Some files need to be protected, and we can use encryption to do this in a few ways. In this video, explore encrypting and decrypting individual files.
- [Instructor] Some files need to be protected, and to protect files from being read, we can use encryption. When we encrypt a file, we run it through an encryption algorithm that makes the contents unreadable without a particular piece of information, a key or password. On a Linux system, we can do this with the GPG tool. First, let's take a look at encrypting a file with a passphrase. This is symmetric encryption. The same piece of information used to encrypt the file is used to decrypt it. Using a passphrase is convenient because you can remember a passphrase or share it with other people you want to be able to decrypt the file.
To start out, let's create a file. I'll echo this is secret text to a file called secretfile. Now, I can use gpg -c and the name of the file to encrypt that file. I'm asked to enter a passphrase. So I'll do that, and I'll confirm it.
If you're using a remote console, you'll see this prompt in the console. Now, I have a file called secretfile.gpg. Let's take a look at that. That's all scrambled up, and I can't read the text that it represents. I could store this file, or send it to someone else, without worrying that it could be read by others. And then to decrypt it, I or someone else could use gpg -d and the name of the GPG file.
My system stored this passphrase, but if yours hasn't stored the passphrase, or if you're on a different computer, you'll be prompted for the passphrase that was set earlier. I'd need to redirect this to a file if I wanted to get a decrypted copy of the file, so I'll do that. I'll redirect this to newfile.txt. And there's the secret text. By default, this uses the AES-256 cipher, and you can choose to use a different one with various options. Take a look at the manpages to learn more about that.
We can also use a key to encrypt the file, either symmetrically with a private key or asymmetrically if we have a public key, and then the file would only be able to be decrypted with the corresponding private key. In order to use a key, first we need to have a key, and to generate a key, we need entropy, or randomness, for the system to use to create the key. On a desktop system, this isn't too much of a problem. We can give the system entropy by moving the mouse around. But on a remote server where there's no mouse, we need to generate entropy in some other way.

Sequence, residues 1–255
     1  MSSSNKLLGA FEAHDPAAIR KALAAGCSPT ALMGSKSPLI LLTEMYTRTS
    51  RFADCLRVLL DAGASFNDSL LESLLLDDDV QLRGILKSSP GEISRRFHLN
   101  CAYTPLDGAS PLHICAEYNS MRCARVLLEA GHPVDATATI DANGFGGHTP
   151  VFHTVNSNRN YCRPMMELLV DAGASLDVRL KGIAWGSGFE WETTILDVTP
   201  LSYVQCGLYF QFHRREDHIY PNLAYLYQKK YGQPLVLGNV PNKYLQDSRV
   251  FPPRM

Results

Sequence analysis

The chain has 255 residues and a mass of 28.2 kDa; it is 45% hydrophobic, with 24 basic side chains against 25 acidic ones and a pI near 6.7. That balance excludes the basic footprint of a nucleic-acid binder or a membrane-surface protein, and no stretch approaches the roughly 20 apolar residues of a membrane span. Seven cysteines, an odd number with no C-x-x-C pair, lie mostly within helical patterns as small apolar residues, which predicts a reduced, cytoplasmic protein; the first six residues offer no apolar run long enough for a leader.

We can see what entropy the system has with cat /proc/sys/kernel/random/entropy available. Right now, I have 3,543 bytes. Depending on how strong of a key we want to generate, we might need more. To do that here, I'll install the RNG Tools package, which includes random number generation software.
And then I'll run rngd -fr /dev/urandom, and I'll let that run for a few seconds. I'll end that with Control + C. I'll recall my command to check the entropy, and now I have more entropy available. To generate a key, I'll run gpg --gen-key, and I'll follow the prompts here. I'll give it a name and an email address.
Then I'll verify this. And I'm prompted for a passphrase for my key. Again, if you're using a remote terminal, you'll see this prompt in the text dialog. And there we go. This sets up a private and public key in my key ring, which is stored in the .canoepg folder in my home folder. I can take a look at the keys that I have with gpg --list-keys. Now I have a key pair that I can use to encrypt a file.
I'll encrypt my text file using this key, with gpg -e secretfile. Now I'm asked for whom to encrypt the file. I'm asked which key to use from my key ring. I'll pick my key here, with the email address associated with it. That's the only person I want to be able to decrypt this file, so I'll end with an empty line. And we'll create the file.
That's created a GPG file encrypted with my public key, which I'll be able to decrypt with my public key, also from my key ring. I'll write gpg -d secretfile.gpg. Then I'm prompted for the password for my private key. I'll provide that, and I'm able to read the text. Using this public and private key combination means that I can send my public key to someone who wants to encrypt a file for my eyes only, and I can also import other people's public keys in order to encrypt files intended for them.
To export my key, I'll write gpg --export --armor and provide my email address, and redirect that to a file. I'll call mine s_pubkey. And this creates a text file that I can send or copy and paste to someone else. The armor option makes the key into text, and without it, I get a binary copy of the key, which is fine for using, but to email or otherwise send to someone, text is a lot easier.
I just so happen to have another exported key here from someone else that I can import and then use to encrypt files for them. It's called msmithkey, and I'll import it into my key ring with gpg --import msmithkey, and I'll clear the screen. Now if I look at my key ring, I can see that I have two keys. Now, when I encrypt a file, I can use this public key.
I won't be able to decrypt this file, and the other user will be able to decrypt it with their private key once I send it to them. That's the basics of encrypting a file from the command line. Take a look at the manpage for GPG for some more information. There's information there about managing the key rings, and about signing as well. But for now, have fun sending encrypted files to your friends, and keep your private keys safe.
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